On Saturday 28th December, we go to Chengdu to have a meeting with Jing Xu, an economy teacher who specialized in environmental economy during her PhD.

About her: Jing Xu did her PhD in the Universidad Autonoma de Barcelona, in Spain, during 5 years, about environmental economics. She applied Game Theory on whether private companies would accept some environmental policies. Now, in China, she will work in another subject, more related to the government and the policies. She also teaches Economy in the South West University of Economy and Finance in Chengdu.

How to implement environmental policies? For environmental policies, there are two questions that need to be asked (and that are under study in the Chinese government):

  • Who makes the laws? The central government is the one who has strength and less corruption, but the local governments knows better the local situation. Probably a combination of both should be better, with some general figures to obtain set up by Beijing, and the local government thinking how to locally best implement it.
  • Who will collect the money from the taxes? The environmental agency that was created has the knowledge to do the inspections, but they don’t have the power to enforce the responsible to pay. And the tax collectors can enforce the payment, but they lack the expertise for inspection.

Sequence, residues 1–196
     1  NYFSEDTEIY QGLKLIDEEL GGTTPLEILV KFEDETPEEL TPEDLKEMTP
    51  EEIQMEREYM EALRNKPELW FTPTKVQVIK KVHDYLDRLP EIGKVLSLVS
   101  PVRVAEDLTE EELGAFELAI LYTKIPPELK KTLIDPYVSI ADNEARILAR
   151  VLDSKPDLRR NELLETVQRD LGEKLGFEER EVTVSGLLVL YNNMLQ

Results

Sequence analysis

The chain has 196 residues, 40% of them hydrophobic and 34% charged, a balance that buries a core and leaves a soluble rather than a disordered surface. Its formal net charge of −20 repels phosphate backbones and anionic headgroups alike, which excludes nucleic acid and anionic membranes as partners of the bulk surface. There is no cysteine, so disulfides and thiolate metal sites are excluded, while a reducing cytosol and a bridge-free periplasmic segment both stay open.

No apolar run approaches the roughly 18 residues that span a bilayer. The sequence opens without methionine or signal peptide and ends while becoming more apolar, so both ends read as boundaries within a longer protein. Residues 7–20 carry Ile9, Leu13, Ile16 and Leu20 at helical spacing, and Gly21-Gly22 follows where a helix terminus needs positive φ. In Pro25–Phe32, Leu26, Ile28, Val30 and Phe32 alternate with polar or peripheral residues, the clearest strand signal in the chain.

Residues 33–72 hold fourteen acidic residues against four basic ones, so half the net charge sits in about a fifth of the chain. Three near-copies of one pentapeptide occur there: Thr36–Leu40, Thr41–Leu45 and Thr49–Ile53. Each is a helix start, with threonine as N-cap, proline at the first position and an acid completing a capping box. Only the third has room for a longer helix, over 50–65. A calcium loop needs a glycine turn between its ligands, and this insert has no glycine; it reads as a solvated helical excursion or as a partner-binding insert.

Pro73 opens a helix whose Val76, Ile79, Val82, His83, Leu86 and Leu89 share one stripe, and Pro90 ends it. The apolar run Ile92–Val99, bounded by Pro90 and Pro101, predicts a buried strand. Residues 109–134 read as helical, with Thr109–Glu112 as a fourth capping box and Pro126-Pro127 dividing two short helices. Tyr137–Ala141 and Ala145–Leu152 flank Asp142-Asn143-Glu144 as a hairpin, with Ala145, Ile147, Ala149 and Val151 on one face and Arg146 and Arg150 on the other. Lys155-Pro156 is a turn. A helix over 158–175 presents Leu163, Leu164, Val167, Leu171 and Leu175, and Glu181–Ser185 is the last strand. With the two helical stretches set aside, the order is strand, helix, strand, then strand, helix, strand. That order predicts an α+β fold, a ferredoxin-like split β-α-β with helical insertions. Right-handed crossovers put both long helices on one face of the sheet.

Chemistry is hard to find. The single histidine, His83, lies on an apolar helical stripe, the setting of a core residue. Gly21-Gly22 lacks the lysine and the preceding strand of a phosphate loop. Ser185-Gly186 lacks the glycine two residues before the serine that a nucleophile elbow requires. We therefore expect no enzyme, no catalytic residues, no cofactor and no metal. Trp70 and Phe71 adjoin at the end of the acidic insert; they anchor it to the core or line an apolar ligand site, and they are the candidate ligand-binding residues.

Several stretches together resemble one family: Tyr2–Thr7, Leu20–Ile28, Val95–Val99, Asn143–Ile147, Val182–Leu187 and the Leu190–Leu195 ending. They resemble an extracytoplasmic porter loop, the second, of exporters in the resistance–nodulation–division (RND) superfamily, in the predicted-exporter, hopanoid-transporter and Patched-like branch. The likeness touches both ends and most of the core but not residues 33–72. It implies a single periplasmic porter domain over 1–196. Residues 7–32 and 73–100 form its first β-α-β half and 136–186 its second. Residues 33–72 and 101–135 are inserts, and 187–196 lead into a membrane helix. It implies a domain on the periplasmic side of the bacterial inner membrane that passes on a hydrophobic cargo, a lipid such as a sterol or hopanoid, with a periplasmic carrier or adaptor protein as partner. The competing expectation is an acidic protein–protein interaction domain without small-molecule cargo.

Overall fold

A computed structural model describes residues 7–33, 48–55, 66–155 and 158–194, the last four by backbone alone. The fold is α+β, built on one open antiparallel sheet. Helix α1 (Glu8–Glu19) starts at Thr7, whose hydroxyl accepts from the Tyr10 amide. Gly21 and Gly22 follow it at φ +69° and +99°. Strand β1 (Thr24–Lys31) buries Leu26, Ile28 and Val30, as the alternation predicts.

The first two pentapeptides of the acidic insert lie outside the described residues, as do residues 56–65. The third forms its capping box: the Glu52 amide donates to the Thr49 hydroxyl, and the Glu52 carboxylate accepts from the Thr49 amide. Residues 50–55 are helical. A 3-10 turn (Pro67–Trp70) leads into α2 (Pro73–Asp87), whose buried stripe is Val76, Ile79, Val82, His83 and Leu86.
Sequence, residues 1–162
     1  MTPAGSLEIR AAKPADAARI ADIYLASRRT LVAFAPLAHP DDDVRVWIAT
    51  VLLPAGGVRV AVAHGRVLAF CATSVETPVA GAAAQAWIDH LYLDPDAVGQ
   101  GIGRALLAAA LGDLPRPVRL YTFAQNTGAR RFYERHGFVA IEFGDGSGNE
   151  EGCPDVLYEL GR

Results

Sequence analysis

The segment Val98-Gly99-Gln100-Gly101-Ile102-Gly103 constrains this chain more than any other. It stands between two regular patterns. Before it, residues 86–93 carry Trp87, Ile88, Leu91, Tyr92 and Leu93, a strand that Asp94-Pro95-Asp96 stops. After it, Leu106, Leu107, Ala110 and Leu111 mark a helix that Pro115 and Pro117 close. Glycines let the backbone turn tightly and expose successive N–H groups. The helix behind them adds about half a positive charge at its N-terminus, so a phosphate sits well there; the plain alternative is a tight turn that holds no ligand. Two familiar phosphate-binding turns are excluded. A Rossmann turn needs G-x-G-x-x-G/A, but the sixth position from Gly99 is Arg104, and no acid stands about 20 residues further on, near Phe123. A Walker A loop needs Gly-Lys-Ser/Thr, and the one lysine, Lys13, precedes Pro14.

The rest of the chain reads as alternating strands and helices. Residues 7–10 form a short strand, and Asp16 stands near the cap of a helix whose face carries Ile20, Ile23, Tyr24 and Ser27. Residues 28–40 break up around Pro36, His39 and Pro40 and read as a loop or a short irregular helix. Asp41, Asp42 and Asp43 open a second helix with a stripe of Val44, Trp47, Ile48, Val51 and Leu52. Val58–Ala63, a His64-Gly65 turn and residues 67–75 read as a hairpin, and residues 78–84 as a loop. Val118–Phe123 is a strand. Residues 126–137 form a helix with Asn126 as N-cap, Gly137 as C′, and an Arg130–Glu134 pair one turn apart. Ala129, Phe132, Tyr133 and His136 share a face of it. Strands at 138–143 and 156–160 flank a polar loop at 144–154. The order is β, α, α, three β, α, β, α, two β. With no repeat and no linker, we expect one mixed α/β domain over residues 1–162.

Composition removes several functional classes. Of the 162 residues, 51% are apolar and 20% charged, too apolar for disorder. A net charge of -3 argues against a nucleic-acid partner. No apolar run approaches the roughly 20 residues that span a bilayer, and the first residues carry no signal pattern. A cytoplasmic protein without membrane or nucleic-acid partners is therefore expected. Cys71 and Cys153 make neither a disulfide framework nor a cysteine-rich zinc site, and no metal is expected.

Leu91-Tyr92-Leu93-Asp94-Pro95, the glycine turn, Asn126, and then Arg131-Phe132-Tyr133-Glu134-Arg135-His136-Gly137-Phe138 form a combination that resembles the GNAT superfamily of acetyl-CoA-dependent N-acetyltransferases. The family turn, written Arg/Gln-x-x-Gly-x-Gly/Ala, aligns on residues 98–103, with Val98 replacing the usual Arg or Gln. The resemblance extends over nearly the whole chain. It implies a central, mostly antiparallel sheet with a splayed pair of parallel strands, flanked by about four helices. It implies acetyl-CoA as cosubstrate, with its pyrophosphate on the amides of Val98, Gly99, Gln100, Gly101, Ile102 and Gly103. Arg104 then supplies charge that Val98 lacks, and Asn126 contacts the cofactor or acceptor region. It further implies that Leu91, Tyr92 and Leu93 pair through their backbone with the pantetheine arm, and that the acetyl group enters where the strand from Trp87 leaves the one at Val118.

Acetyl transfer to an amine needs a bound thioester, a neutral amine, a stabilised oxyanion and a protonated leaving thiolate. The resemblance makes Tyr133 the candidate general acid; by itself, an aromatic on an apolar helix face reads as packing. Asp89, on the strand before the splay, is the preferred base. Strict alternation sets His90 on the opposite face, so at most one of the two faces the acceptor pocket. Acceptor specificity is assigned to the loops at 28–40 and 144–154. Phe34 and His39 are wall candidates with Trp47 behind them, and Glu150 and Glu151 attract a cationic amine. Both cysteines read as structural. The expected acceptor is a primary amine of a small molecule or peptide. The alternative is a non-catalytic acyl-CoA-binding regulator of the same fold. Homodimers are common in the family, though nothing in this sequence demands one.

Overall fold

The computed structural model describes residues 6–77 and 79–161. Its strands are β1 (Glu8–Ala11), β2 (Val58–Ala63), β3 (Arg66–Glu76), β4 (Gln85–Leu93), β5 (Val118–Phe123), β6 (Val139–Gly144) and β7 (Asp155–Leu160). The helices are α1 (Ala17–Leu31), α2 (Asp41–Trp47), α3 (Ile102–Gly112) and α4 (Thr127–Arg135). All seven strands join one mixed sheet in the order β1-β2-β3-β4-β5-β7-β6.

Another question, linked to the previous ones, is where the collected money should go. If the money is collected by a normal tax collector, it goes to the normal budget and so cannot go to improve the environment.

Also, in China, the tax collectors need incentives to do an efficient job. A moral appreciation is not enough, the collector must receive part of the money he collects so that he is motivated.

Efforts in the industry: Even though it is not visible, in China, a lot of things are changing, at least at political level. For example, now, all the coal power plants must have a filter to prevent the sulphuric gas from being rejected. And it had good results, since the acidic rains, caused by these gases, have decreased a lot. However, even though the filters are installed, they are not always used. Next to the obligation to install this sulphuric gas filter on the new plants, an economic incentive has been used so that old power plants get one installed too: the electricity coming from plants without filter is much more expensive for the consumer.

However, Jing is quite pessimistic for the implementation of environmental policies: there is always a way the polluter can negotiate, or dodge around the laws: if the inspections are during the day, the factory can reject the trash at night, and the local inspector pretends not to know about it.

Recycling: For recycling the waste, a lot has still to be done. In the incineration factories, the main problem is to separate the waste that can be burnt from the rest. This is because at consumer level, there is nothing done yet to separate the waste: even though there are separated trash bins, people do not respect it (not knowing what to put or not caring), and sometimes, the separated holes for the trash bin lead to the same containers.